Samurai & Bushido

Introduction, Answer, Diary

Samurai and Bushido Introduction

Warriors that fought on horseback. They were clad in helmet and armor, and they carried a sword and bow. Like knights, Samurais were supposed to live by a strict warrior code, known in Japan as Bushido ("the way of the warrior"). You could only get Bushido by becoming a Samurai.

What effect did Samurais have on Japanese culture during their specific time period?

Central power was beginning to diminish, so local aristocrats had to take justice into their own hands. They turned to military force, and the creation of the Samurai came about. The purpose of the Samurai was to protect the security and property of their employers. They were essentially body guards, and it helped decrease crime rates for anyone that employed a samurai. It helped create order, before the Samurai came around, chaos was rampant. Now, young boys began training their whole life to become Samurais and maintain peace and order, it became much more organized. It created a structure of life for everyone, and people knew where they fit in the system, it was no longer chaos filled.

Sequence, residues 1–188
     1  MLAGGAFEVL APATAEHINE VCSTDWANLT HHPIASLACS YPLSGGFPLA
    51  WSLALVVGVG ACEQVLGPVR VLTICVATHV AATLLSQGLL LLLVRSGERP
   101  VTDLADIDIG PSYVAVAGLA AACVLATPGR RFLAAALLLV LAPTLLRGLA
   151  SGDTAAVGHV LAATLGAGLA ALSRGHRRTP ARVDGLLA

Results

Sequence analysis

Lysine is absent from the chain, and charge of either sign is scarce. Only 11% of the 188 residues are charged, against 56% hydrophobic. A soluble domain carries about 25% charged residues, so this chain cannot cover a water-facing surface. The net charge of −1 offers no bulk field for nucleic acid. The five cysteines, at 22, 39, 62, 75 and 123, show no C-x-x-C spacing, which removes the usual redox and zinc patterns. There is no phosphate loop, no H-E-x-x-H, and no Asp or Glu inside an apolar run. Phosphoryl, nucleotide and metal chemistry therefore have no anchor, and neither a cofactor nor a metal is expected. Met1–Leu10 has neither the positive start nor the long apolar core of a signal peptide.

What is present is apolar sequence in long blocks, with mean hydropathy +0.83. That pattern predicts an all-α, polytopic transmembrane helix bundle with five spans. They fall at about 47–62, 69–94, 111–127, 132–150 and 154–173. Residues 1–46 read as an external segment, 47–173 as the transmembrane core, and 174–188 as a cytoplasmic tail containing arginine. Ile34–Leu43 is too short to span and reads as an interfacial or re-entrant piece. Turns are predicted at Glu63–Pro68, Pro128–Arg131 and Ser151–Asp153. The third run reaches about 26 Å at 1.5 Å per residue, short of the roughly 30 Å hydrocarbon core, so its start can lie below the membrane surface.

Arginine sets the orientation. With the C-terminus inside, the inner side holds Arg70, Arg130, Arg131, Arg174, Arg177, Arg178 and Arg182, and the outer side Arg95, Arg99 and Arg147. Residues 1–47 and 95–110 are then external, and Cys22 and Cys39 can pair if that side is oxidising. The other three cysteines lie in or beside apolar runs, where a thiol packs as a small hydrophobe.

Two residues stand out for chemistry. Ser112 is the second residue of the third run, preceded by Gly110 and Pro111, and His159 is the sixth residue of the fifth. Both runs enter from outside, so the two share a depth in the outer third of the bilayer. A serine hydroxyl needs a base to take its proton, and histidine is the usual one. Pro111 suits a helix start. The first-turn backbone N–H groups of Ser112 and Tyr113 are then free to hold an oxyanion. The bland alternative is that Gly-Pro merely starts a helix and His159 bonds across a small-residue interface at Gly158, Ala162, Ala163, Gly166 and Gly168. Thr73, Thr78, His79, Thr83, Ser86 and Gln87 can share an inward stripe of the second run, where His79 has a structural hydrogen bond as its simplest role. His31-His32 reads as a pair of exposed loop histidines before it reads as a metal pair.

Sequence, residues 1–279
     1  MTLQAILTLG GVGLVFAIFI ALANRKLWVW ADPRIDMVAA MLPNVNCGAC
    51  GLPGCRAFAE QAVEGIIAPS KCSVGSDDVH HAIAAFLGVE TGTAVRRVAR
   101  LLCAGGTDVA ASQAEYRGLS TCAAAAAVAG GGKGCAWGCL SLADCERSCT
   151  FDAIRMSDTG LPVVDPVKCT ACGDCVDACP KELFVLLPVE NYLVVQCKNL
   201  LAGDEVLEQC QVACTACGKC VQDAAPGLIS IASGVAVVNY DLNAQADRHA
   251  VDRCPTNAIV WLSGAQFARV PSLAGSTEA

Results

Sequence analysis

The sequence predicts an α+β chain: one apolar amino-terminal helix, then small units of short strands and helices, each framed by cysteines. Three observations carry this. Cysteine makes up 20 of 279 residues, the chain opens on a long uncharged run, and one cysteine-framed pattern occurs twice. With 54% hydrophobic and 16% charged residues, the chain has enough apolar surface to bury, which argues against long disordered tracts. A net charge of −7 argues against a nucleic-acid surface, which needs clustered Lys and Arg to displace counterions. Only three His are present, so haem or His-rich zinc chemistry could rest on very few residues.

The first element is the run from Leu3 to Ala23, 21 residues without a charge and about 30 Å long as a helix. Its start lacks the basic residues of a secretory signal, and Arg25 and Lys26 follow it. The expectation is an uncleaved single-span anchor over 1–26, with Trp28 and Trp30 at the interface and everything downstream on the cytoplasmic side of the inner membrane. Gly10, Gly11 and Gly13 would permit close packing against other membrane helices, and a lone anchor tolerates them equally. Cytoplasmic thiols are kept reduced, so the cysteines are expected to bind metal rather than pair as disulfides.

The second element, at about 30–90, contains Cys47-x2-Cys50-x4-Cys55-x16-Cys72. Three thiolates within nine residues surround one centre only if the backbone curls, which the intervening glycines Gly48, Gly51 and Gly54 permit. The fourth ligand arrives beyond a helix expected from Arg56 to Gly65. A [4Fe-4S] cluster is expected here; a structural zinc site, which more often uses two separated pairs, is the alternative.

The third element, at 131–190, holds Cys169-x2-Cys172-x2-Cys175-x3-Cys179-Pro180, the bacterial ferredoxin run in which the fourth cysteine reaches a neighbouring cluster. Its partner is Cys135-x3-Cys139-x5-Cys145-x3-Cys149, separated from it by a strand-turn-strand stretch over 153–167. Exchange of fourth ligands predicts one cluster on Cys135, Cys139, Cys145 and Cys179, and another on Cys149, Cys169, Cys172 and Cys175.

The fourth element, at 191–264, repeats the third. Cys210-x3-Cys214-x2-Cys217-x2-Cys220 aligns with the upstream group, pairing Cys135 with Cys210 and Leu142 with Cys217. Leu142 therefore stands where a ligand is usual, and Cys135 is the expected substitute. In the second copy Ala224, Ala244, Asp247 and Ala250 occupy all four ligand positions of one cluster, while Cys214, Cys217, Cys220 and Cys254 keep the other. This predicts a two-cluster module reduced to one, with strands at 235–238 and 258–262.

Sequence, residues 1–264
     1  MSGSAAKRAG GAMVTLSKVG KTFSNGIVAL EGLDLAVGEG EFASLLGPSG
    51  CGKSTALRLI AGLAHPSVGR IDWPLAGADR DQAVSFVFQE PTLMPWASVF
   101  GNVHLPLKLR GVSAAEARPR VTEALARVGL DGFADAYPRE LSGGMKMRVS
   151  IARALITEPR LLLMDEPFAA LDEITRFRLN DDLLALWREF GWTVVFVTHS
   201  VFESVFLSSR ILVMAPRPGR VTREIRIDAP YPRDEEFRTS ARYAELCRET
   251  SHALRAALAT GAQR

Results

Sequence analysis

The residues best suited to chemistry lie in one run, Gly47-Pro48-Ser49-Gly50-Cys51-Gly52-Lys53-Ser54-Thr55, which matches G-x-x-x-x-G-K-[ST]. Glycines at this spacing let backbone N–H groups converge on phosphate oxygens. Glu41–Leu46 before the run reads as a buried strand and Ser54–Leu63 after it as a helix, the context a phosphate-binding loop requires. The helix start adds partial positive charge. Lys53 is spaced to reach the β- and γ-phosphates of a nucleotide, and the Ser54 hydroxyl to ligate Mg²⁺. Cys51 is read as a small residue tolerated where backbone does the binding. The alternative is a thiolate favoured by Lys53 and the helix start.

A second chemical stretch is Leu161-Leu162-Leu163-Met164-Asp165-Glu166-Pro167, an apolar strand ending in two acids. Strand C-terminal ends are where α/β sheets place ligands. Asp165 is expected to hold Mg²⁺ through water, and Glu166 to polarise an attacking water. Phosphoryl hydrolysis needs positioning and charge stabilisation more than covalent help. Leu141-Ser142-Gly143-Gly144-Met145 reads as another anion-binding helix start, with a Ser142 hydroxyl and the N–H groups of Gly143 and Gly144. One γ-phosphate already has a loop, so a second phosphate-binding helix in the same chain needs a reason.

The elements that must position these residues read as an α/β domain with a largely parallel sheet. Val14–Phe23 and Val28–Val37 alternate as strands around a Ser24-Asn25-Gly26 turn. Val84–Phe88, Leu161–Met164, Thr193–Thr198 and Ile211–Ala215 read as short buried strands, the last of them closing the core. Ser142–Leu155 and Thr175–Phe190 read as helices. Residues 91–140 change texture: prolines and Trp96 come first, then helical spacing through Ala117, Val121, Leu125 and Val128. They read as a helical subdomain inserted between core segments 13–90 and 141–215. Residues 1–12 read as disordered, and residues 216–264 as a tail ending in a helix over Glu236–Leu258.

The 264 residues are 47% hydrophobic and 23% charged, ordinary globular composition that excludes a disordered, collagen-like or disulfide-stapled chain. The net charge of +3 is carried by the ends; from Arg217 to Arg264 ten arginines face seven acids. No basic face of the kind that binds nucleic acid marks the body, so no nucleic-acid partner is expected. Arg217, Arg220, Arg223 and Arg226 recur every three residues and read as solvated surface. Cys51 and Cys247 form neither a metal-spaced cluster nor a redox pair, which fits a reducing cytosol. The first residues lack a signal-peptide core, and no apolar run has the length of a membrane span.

Ever since I was a young boy I looked up in awe to the powerful samurais that slayed all criminals and kept order. The prestige of such a job attracted me to it, so that's why I became one myself. All Samurais are part of a formidable military caste, and we're seen as elite warriors. As a Samurai, you are expected to demonstrate simple but highly honored duties and responsibilities. As a Kenin, you were considered a housemen, whose duties were the same as administrators or vassals. Then there were the foot soldiers, and the highest tier was Mounted Samurai, that gave you the ability to ride on horseback.